Will Influencing Last Forever?

Will Influencing Last Forever?

This is a question that has been bouncing around in my head for a couple of weeks now, after I was ‘influenced’ to buy a mascara and guess what? That’s right…two days later the same influencer was promoting a DIFFERENT mascara on her story. What about the one I had just ordered? It was supposed to be the best mascara ever created.

This influencer completely lost my trust, I felt tricked and gullible.

Is it really all about money for influencers? Will they say anything if they are paid? It does prove one thing though, influencing works and it is not the first time I have bought a product due to a recommendation from an influencer, but it could be the last.

How can influencing go wrong?

Terrie McEvoy and Tower Jewellers

Irish influencer and blogger Terrie McEvoy partnered with the company Tower Jewellers; she rigged a sponsored contest so that friends of hers won the prizes — two bracelets from Tower. After the backlash on social media, McEvoy and Tower Jewellers apologized, and McEvoy deleted her Facebook account.

Scott Disick and Bootea

Scott Disick’s first Instagram post on behalf of Bootea products was a huge flop. He accidentally copied and pasted the campaign instructions from the PR firm he was working with as part of the post. The post read: “Here you go, at 4pm est, write the below Caption: Keeping up with the summer workout routine with my morning @booteauk protein shake!”

Opps Scott, amateur move!

I simply, cannot leave out Fyre Festival, the fraudulent luxury music festival founded by Billy McFarland, CEO of Fyre Media Inc, and rapper Ja Rule. The event was promoted on Instagram by social media influencers including Kendall Jenner, Bella Hadid, Hailey Baldwin and Emily Ratajkowski, many of whom did not initially disclose they had been paid to do so. Tickets cost up to $100,000 (£75,000) and guests who booked were promised luxury accommodation and “the best in food, art, music and adventure” in the Bahamas. Instead they turned up to mattresses on rain-soaked floors, meals of cheese slices on bread and their luggage thrown into an unlit car park. Hit up the Netflix documentary if you have not already.

The influencer marketing industry is on track to be worth up to $15 billion by 2022, up from as much as $8 billion in 2019, according to Business Insider. The industry has become so monetized, it’s possible there is an anti-influencer sentiment on the rise, many people are becoming less trusting of influencers and more careful of who they choose to follow due to the increase of dishonest practises. Instagram influencer engagement is nearing an all-time low as social media allows for more people to achieve fame and influencer status, meaning social media quickly has become oversaturated with influencers.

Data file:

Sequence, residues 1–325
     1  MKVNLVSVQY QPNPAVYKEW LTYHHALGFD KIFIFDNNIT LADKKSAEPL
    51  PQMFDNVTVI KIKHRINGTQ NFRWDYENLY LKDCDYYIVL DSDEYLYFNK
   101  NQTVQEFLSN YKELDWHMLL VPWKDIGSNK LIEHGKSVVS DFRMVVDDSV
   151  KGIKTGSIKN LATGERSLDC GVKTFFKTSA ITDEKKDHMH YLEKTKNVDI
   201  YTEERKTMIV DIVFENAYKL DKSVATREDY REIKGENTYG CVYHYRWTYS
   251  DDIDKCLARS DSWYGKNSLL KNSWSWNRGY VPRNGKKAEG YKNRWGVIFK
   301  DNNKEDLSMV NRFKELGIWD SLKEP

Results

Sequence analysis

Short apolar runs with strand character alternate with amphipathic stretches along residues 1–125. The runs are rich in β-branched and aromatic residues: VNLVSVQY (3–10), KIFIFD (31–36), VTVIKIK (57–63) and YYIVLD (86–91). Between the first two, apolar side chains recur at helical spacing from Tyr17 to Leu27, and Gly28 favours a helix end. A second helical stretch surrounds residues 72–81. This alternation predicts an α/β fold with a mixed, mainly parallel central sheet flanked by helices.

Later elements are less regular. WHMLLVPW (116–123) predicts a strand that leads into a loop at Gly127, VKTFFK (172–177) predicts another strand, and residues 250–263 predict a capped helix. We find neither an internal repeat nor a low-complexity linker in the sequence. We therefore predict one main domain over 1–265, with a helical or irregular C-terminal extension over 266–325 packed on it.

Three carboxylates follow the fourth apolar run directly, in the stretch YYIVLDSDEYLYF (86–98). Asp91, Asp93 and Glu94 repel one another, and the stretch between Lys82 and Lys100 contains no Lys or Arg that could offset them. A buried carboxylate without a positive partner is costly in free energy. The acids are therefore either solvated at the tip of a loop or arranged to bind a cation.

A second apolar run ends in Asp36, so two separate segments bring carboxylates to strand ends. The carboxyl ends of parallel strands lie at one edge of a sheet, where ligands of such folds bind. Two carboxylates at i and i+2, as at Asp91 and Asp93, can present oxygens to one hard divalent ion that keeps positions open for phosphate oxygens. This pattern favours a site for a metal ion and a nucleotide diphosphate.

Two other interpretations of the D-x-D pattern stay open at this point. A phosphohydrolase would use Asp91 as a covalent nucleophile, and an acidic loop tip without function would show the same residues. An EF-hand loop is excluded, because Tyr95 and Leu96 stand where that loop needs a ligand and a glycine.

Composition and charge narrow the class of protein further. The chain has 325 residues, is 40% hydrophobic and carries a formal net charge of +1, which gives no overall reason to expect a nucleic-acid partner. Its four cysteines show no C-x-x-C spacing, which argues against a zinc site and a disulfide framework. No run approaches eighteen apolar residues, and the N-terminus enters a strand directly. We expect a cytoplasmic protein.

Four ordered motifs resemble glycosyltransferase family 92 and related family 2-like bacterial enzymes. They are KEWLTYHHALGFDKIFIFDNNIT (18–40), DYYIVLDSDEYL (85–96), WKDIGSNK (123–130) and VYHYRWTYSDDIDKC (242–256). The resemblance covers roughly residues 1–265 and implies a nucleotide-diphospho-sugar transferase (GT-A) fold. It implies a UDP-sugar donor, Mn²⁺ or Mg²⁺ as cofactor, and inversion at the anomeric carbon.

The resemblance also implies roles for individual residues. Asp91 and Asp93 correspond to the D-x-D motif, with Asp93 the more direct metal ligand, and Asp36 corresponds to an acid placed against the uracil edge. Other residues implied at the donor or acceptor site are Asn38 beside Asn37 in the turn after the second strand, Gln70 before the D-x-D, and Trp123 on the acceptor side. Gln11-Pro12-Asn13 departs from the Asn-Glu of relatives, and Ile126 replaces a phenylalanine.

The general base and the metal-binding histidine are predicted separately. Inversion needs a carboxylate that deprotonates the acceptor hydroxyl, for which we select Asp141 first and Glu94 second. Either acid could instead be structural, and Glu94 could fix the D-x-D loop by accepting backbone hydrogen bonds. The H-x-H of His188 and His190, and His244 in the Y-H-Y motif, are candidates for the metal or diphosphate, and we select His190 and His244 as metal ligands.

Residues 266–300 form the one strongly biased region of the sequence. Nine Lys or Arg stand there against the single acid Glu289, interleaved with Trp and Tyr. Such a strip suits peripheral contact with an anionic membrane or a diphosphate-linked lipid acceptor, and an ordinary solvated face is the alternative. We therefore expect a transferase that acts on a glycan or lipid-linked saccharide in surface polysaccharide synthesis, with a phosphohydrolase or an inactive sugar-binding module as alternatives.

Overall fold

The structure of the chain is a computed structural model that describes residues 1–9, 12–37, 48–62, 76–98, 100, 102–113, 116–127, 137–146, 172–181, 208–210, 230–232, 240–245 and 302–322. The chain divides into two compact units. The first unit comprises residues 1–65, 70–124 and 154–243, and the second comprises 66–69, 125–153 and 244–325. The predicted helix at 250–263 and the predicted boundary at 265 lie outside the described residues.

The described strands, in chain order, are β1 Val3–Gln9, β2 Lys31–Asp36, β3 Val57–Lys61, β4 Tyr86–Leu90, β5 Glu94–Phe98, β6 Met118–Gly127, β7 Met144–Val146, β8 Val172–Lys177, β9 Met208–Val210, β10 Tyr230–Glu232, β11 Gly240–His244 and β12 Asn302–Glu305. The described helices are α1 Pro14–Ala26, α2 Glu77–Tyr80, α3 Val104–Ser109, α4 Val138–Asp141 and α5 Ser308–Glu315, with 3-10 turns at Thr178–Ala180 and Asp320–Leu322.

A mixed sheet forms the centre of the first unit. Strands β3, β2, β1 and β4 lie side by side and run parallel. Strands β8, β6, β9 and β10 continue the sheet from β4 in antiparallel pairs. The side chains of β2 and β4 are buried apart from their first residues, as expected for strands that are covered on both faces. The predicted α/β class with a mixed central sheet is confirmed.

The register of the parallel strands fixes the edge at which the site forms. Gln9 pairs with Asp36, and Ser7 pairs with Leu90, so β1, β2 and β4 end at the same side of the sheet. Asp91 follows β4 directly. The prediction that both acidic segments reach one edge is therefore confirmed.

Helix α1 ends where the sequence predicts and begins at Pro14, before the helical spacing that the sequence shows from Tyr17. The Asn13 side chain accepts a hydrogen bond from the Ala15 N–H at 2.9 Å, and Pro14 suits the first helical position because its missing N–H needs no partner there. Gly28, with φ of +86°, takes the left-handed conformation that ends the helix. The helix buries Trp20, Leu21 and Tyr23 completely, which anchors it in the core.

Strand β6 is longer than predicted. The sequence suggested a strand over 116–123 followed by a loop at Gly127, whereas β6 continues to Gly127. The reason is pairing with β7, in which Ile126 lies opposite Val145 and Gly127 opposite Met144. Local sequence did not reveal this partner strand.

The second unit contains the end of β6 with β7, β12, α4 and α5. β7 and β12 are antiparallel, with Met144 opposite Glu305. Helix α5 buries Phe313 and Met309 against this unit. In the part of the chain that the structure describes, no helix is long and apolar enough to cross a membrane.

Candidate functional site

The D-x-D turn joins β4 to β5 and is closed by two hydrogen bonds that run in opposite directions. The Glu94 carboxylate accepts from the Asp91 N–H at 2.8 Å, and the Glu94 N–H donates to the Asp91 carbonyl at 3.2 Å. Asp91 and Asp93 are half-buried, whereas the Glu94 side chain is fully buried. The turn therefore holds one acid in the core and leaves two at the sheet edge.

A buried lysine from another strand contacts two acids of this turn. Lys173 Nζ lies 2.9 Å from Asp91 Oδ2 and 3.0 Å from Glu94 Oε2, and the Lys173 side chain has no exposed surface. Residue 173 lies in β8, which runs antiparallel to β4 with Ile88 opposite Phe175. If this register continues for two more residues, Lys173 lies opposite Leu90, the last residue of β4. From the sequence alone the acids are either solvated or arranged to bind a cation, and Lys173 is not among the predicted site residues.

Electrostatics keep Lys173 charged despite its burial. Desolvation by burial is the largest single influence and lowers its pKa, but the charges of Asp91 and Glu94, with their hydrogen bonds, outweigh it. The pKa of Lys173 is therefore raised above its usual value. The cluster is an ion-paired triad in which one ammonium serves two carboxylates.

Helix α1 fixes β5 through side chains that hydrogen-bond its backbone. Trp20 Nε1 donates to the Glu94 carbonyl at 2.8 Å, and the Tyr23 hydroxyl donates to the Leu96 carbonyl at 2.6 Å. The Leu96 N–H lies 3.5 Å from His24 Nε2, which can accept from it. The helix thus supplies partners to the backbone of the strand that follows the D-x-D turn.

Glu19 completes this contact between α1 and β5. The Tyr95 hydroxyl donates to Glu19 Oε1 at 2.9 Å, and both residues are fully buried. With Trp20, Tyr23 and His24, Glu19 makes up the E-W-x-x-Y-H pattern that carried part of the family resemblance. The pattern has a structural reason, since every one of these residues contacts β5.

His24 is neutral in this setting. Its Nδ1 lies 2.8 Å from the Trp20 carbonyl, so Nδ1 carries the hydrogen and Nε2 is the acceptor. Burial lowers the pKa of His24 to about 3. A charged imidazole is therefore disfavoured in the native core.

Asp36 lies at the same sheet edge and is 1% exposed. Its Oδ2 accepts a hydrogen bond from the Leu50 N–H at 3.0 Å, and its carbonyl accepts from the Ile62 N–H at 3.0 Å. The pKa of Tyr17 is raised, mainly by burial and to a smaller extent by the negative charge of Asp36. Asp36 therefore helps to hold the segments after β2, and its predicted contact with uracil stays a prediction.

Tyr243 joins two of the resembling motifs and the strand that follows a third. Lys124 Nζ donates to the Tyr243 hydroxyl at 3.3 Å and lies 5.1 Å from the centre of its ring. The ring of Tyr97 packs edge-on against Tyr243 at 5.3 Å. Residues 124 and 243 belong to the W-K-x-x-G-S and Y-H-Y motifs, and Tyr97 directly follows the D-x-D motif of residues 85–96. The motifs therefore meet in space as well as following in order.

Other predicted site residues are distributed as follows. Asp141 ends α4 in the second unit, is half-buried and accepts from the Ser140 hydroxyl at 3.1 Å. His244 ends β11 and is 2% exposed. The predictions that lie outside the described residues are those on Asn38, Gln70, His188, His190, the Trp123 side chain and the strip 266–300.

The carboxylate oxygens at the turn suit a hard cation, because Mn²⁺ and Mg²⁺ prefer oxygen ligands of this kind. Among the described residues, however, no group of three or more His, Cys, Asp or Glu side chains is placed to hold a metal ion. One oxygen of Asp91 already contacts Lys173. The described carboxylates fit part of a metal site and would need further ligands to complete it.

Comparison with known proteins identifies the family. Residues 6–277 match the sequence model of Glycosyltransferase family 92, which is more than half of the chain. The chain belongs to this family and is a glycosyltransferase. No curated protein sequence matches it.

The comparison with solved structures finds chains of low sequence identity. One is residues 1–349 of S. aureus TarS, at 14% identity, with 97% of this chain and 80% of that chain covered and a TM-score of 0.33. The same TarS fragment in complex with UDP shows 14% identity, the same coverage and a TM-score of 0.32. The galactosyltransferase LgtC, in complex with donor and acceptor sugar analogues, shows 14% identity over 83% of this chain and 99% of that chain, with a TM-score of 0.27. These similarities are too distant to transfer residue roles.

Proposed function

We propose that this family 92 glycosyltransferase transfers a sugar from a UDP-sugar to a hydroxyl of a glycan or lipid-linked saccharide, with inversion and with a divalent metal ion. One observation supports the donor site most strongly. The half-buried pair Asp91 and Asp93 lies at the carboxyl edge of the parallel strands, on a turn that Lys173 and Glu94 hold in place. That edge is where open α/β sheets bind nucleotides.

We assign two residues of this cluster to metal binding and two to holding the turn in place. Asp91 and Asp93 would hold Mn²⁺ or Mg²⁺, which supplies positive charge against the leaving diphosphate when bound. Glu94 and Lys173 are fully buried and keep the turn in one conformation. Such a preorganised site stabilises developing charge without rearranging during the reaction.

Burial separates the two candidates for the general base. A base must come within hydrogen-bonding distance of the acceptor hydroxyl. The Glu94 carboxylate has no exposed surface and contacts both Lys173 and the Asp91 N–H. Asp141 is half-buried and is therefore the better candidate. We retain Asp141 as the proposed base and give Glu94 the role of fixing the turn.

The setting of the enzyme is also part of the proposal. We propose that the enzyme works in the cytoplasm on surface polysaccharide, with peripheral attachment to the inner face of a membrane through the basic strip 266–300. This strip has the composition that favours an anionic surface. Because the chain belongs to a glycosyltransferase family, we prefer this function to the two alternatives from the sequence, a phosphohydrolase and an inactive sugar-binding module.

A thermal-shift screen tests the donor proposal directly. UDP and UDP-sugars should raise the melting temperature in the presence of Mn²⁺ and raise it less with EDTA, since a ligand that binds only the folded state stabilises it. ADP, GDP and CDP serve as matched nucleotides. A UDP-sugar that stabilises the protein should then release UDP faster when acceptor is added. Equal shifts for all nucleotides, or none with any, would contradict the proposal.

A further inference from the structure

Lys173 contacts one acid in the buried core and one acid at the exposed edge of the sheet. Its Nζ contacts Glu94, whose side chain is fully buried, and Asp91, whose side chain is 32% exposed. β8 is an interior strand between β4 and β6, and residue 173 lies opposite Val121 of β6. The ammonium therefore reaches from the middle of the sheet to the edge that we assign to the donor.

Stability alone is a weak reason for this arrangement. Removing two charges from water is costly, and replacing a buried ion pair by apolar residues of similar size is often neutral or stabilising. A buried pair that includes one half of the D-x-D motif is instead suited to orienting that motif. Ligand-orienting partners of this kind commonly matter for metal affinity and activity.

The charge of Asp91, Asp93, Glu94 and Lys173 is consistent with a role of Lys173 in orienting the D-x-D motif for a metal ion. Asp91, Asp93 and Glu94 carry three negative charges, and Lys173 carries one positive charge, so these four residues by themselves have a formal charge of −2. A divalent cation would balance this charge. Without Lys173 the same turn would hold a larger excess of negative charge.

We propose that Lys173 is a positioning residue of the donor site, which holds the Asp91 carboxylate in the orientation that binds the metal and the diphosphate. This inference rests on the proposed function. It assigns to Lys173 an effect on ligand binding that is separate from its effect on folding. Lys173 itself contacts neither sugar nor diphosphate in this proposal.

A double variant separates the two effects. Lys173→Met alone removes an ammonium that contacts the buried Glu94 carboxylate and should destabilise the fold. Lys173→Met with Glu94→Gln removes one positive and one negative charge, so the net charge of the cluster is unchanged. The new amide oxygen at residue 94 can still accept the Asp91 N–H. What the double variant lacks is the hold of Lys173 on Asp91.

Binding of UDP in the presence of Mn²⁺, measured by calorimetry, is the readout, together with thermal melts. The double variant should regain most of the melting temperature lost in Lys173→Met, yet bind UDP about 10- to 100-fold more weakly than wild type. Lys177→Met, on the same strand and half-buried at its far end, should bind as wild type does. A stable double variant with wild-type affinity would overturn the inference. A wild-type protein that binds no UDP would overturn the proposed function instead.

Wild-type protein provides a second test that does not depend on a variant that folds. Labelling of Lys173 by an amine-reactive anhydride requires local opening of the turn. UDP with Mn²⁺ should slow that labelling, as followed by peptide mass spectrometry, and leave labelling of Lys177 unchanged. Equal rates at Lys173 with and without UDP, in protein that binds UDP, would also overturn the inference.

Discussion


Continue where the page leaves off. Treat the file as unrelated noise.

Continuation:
Tips for working with influencers

  • Influencers need to display authenticity, likability, and authority to create trust with followers. Brands need to be careful who they choose to represent them, the best practice would be partnering with influencers who have used and liked a product or service before even entering an endorsement deal, but at the very least, marketers should make sure they partner with influencers who have authentic connections to their brand.  
  • Some influencers have inflated followings, with very little engagement which is why it is great (and cheaper) for brands to work with micro influencers. The authenticity of common interests between a micro-influencer and their followers evokes a credibility that a large influencer cannot replicate.
  • Tik Tok made me buy it… Following in the footsteps of Instagram, Tik Tok is set to become a major player in the influencer space with 41% of users aged 16-24.

Will influencing last forever? I cannot see it slowing down anytime soon. But I can see it changing at a rapid pace, brands will have to choose meticulously each influencer they work with ensuring they are ethical, honest and create authentic content in order to be successful working with influencers.

Will I be influenced again? Probably…